DEEn Dictionary De - En
DeEs De - Es
DePt De - Pt
 Vocabulary trainer

Spec. subjects Grammar Abbreviations Random search Preferences
Search in Sprachauswahl
Search for:
Mini search box
English Dictionary: ease by the DICT Development Group
4 results for ease
From WordNet (r) 3.0 (2006) [wn]:
  1. freedom from difficulty or hardship or effort; "he rose through the ranks with apparent ease"; "they put it into containers for ease of transportation"; "the very easiness of the deed held her back"
    Synonym(s): ease, easiness, simplicity, simpleness
    Antonym(s): difficultness, difficulty
  2. a freedom from financial difficulty that promotes a comfortable state; "a life of luxury and ease"; "he had all the material comforts of this world"
    Synonym(s): ease, comfort
  3. the condition of being comfortable or relieved (especially after being relieved of distress); "he enjoyed his relief from responsibility"; "getting it off his conscience gave him some ease"
    Synonym(s): relief, ease
  4. freedom from constraint or embarrassment; "I am never at ease with strangers"
    Synonym(s): ease, informality
  5. freedom from activity (work or strain or responsibility); "took his repose by the swimming pool"
    Synonym(s): rest, ease, repose, relaxation
  1. move gently or carefully; "He eased himself into the chair"
  2. lessen pain or discomfort; alleviate; "ease the pain in your legs"
    Synonym(s): comfort, ease
  3. make easier; "you could facilitate the process by sharing your knowledge"
    Synonym(s): facilitate, ease, alleviate
  4. lessen the intensity of or calm; "The news eased my conscience"; "still the fears"
    Synonym(s): still, allay, relieve, ease
From Webster's Revised Unabridged Dictionary (1913) [web1913]:
   Ease \Ease\, n. [OE. ese, eise, F. aise; akin to Pr. ais, aise,
      OIt. asio, It. agio; of uncertain origin; cf. L. ansa handle,
      occasion, opportunity. Cf. {Agio}, {Disease}.]
      1. Satisfaction; pleasure; hence, accommodation;
            entertainment. [Obs.]
                     They him besought Of harbor and or ease as for hire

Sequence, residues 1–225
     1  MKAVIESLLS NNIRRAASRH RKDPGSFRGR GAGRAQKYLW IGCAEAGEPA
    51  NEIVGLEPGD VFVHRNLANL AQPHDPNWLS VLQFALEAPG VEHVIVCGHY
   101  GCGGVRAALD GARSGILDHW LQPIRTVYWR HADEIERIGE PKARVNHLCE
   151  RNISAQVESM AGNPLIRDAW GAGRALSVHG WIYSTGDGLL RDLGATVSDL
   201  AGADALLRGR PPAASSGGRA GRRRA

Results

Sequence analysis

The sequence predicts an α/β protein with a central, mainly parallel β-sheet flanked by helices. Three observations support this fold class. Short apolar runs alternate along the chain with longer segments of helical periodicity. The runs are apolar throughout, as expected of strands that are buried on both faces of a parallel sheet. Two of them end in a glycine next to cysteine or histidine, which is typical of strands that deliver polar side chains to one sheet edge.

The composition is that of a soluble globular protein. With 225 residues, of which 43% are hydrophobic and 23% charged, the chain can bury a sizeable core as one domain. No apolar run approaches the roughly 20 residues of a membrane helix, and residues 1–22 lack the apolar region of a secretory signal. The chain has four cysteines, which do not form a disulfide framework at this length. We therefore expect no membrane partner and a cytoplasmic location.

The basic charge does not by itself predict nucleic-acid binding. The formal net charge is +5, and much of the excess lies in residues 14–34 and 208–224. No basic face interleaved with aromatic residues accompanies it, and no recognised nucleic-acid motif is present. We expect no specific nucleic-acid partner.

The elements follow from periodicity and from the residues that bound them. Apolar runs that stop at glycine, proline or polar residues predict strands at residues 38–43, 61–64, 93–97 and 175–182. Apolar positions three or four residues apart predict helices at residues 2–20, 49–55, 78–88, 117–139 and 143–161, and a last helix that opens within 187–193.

penny.                                                --Chaucer.
      2. Freedom from anything that pains or troubles; as:
            (a) Relief from labor or effort; rest; quiet; relaxation;
                  as, ease of body.
                           Usefulness comes by labor, wit by ease.
                           Give yourself ease from the fatigue of watching.
            (b) Freedom from care, solicitude, or anything that annoys
                  or disquiets; tranquillity; peace; comfort; security;
                  as, ease of mind.
                           Among these nations shalt thou find no ease.
                                                                              xxviii. 65.
                           Take thine ease, eat, drink, and be merry.
                                                                              --Luke xii.
            (c) Freedom from constraint, formality, difficulty,
                  embarrassment, etc.; facility; liberty; naturalness;
                  -- said of manner, style, etc.; as, ease of style, of
                  behavior, of address.
                           True ease in writing comes from art, not chance.
                           Whate'er he did was done with so much ease, In
                           him alone 't was natural to please. --Dryden.
      {At ease}, free from pain, trouble, or anxiety. [bd]His soul
            shall dwell at ease.[b8] --Ps. xxv. 12.
      {Chapel of ease}. See under {Chapel}.
      {Ill at ease}, not at ease, disquieted; suffering; anxious.
      {To stand at ease} (Mil.), to stand in a comfortable attitude
            in one's place in the ranks.
      {With ease}, easily; without much effort.
      Syn: Rest; quiet; repose; comfortableness; tranquility;
               facility; easiness; readiness.

From Webster's Revised Unabridged Dictionary (1913) [web1913]:
   Ease \Ease\, v. t. & i. [imp. & p. p. {Eased}; p. pr. & vb. n.
      {Easing}.] [OE. esen, eisen, OF. aisier. See {Ease}, n.]
      1. To free from anything that pains, disquiets, or oppresses;
            to relieve from toil or care; to give rest, repose, or
            tranquility to; -- often with of; as, to ease of pain;
            ease the body or mind.
                     Eased [from] the putting off These troublesome
                     disguises which we wear.                     --Milton.
                     Sing, and I 'll ease thy shoulders of thy load.
      2. To render less painful or oppressive; to mitigate; to
                     My couch shall ease my complaint.      --Job vii. 13.
      3. To release from pressure or restraint; to move gently; to
            lift slightly; to shift a little; as, to ease a bar or nut
            in machinery.
      4. To entertain; to furnish with accommodations. [Obs.]
      {To ease off}, {To ease away} (Naut.), to slacken a rope
      {To ease a ship} (Naut.), to put the helm hard, or regulate
            the sail, to prevent pitching when closehauled.
      {To ease the helm} (Naut.), to put the helm more nearly
            amidships, to lessen the effect on the ship, or the strain
            on the wheel rope. --Ham. Nav. Encyc.
      Syn: To relieve; disburden; quiet; calm; tranquilize;
               assuage; alleviate; allay; mitigate; appease; pacify.

From The Free On-line Dictionary of Computing (15Feb98) [foldoc]:
      General purpose parallel programming language, combining the
      process constructs of CSP and the distributed data structures
      of Linda.   "Programming with Ease: Semiotic Definition of the
      Language", S.E. Zenith, Yale U
      TR-809, Jul 1990.
No guarantee of accuracy or completeness!
©TU Chemnitz, 2006-2020
Your feedback:
Ad partners

Sprachreise mit Sprachdirekt